Sunday, December 7, 2014

In Gujarat, Urdu-medium teachers asked to teach in Tamil, Marathi

33 Urdu-medium teachers declared ‘surplus’ in one month.

Written by Ritu Sharma | Ahmedabad |  December 7, 2014
Shazia Bano has been a teacher for nearly 30 years in Urdu-medium municipal schools in Gujarat, but she has never felt so helpless in class. Forget teaching, she now finds it difficult to even communicate with her students and colleagues.
Labelled as a “surplus teacher” by the Ahmedabad Municipal Corporation (AMC) school board, Shazia (name changed) is now on duty at a Tamil-medium municipal school in the city.
And she is not alone.
In the last one month, 33 Urdu-medium municipal teachers, all Muslims and declared “surplus”, were moved to schools where the medium of instruction is a different language. Four of them were posted to Tamil-medium schools, six to Marathi and two to English, while the “lucky ones” were moved to Gujarati (5) and Hindi-medium (16) institutions.
While the authorities claimed there was no other option due to lack of vacancies in the 59 Urdu-medium institutions among the 452 municipal schools in Ahmedabad, the teachers are upset at what they call “mismanagement” and a “lack of co-ordination” by the administration.
“Throughout my life I have studied and taught in Urdu-medium. At this point, if the authorities ask me to teach in Tamil or Marathi, how will I? Is there any sense in such adjustments?” said another Urdu-medium teacher posted at a Marathi-medium school.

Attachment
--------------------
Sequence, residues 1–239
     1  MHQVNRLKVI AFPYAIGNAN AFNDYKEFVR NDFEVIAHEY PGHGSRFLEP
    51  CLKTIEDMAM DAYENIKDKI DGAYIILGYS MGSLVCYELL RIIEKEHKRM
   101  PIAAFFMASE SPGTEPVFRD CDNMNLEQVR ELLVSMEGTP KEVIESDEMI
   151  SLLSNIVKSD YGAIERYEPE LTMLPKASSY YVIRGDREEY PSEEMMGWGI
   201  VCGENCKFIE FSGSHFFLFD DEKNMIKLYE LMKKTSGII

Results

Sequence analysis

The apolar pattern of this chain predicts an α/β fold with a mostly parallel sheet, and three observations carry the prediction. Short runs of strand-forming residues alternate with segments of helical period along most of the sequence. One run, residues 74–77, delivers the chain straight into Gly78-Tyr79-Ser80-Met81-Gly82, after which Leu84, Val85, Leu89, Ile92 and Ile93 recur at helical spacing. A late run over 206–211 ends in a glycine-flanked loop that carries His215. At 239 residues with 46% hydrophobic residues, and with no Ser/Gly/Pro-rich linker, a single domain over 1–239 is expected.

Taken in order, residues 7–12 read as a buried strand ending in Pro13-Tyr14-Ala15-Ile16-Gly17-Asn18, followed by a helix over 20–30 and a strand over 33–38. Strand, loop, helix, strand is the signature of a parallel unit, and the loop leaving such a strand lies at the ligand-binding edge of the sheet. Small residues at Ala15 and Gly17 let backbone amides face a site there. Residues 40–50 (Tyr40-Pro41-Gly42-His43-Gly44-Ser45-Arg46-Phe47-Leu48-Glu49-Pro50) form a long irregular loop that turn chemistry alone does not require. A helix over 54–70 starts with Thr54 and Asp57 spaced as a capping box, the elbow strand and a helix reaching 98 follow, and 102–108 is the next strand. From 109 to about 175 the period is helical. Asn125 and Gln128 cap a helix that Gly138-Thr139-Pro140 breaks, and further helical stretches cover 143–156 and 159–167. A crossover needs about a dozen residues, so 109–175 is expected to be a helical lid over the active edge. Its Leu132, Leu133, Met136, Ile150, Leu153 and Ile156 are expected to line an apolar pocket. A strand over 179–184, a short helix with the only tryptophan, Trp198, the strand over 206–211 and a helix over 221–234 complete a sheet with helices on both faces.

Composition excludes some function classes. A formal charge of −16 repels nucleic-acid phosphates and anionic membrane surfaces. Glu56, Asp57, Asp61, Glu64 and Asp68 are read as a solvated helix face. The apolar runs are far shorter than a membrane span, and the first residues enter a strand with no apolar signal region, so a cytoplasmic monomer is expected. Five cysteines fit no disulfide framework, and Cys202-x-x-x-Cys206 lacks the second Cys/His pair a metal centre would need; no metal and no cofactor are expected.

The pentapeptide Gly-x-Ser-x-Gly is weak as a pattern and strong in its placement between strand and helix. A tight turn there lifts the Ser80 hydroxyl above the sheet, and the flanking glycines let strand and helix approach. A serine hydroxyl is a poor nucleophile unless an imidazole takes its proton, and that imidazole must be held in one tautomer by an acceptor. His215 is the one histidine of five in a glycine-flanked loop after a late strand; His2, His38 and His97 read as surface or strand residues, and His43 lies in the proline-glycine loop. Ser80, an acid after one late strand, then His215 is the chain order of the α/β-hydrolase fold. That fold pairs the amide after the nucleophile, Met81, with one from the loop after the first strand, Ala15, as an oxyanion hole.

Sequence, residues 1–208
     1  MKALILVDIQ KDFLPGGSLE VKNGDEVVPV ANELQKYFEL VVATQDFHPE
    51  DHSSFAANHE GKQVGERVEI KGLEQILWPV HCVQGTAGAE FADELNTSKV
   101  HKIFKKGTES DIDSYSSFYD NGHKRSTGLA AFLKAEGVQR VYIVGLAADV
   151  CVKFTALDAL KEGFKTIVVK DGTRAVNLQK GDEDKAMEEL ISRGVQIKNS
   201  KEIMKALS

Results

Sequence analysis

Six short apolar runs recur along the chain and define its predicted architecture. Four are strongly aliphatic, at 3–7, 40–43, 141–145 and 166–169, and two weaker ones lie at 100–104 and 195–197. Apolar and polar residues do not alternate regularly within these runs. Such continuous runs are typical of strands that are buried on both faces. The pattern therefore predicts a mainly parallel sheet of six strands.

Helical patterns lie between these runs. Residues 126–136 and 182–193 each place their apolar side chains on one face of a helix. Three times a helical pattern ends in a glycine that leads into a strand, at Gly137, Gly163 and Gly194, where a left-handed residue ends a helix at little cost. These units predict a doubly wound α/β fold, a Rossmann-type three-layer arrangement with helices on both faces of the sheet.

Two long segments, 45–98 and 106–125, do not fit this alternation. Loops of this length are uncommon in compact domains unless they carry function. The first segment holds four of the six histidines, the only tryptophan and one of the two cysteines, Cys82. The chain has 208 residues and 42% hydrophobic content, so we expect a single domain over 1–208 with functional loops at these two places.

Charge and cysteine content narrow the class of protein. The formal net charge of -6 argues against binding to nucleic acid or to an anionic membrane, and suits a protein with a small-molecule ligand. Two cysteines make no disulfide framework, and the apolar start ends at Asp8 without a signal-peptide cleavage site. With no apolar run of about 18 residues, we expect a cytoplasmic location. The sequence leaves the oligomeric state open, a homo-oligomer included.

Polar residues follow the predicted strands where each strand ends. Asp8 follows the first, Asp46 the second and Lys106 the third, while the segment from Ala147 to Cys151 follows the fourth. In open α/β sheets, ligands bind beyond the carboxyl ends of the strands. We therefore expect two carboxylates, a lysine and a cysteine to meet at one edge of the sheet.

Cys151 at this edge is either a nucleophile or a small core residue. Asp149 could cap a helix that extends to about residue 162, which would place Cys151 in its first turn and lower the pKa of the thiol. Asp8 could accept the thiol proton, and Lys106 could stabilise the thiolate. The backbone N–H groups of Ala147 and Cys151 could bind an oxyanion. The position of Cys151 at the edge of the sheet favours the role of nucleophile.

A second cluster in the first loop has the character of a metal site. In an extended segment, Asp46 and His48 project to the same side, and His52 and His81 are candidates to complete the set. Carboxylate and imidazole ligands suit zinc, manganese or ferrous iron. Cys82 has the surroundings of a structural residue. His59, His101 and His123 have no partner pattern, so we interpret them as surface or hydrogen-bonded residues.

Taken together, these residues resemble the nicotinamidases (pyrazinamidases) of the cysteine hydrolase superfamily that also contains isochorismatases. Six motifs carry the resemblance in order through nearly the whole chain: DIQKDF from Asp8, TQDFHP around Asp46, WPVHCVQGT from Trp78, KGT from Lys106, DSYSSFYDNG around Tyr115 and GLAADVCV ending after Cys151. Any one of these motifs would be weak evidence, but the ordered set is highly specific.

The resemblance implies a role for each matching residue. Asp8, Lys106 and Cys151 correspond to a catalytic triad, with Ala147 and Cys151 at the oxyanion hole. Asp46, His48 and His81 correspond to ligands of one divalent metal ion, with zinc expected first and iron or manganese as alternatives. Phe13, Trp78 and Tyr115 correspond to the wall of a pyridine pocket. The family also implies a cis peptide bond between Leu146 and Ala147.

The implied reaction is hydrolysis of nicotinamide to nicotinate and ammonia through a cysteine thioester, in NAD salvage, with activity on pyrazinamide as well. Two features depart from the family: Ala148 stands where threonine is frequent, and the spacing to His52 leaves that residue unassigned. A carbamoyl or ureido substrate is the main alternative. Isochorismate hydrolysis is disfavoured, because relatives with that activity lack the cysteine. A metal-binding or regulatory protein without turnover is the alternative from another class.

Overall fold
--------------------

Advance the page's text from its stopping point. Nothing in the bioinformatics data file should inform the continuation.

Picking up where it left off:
“The school board cannot afford to have its teachers draw salaries (a maximum of Rs 40,000 per month) while sitting idle at home. With no vacancies in Urdu-medium schools, such an adjustment was inevitable,” said L.D. Desai, Administrative Officer, AMC school board.
After repeated representations to authorities, a few of these teachers have been posted as ‘kaamchalau badli’ (temporary replacement) in Urdu-medium schools. While the salaries of these teachers would be drawn from schools that teach in other medium, there is no information yet on their tenure or future.
Some others have been asked to teach subjects that they have never done before. “A few days ago, I was posted as ‘kaamchalau badli’ to a Gujarati-medium school and asked to teach Maths and Science while I am a language teacher and had never taught these subjects,” said another teacher who has been teaching for five years and is a graduate in Arts with a PTC (Primary Teacher Certificate) course.
Another Urdu-medium teacher said she had been transferred seven times in the last three years to Urdu, English and Gujarati-medium schools. “It is difficult to find a Urdu-medium teacher with a BSc qualification,” the teacher said. “With no job opportunities, no one, at least in Ahmedabad, prefers to graduate in Urdu-medium. Thus, vacancies for Maths and Science teachers in Urdu-medium schools go unfilled. That is the reason why the surplus Urdu-medium teachers have been asked to teach these subjects.”
A question of surplus
* In 2012, with Class VIII (11,370 classes) being moved from secondary to primary schools in Gujarat, following the implementation of Right to Education (RTE) Act, as many as 12,482? secondary teachers were declared “surplus”.
* The State Education Department gave school principals the authority to transfer these surplus teachers as “vidya sahayaks” (teaching assistants) for other subjects based on vacancies in other government schools.

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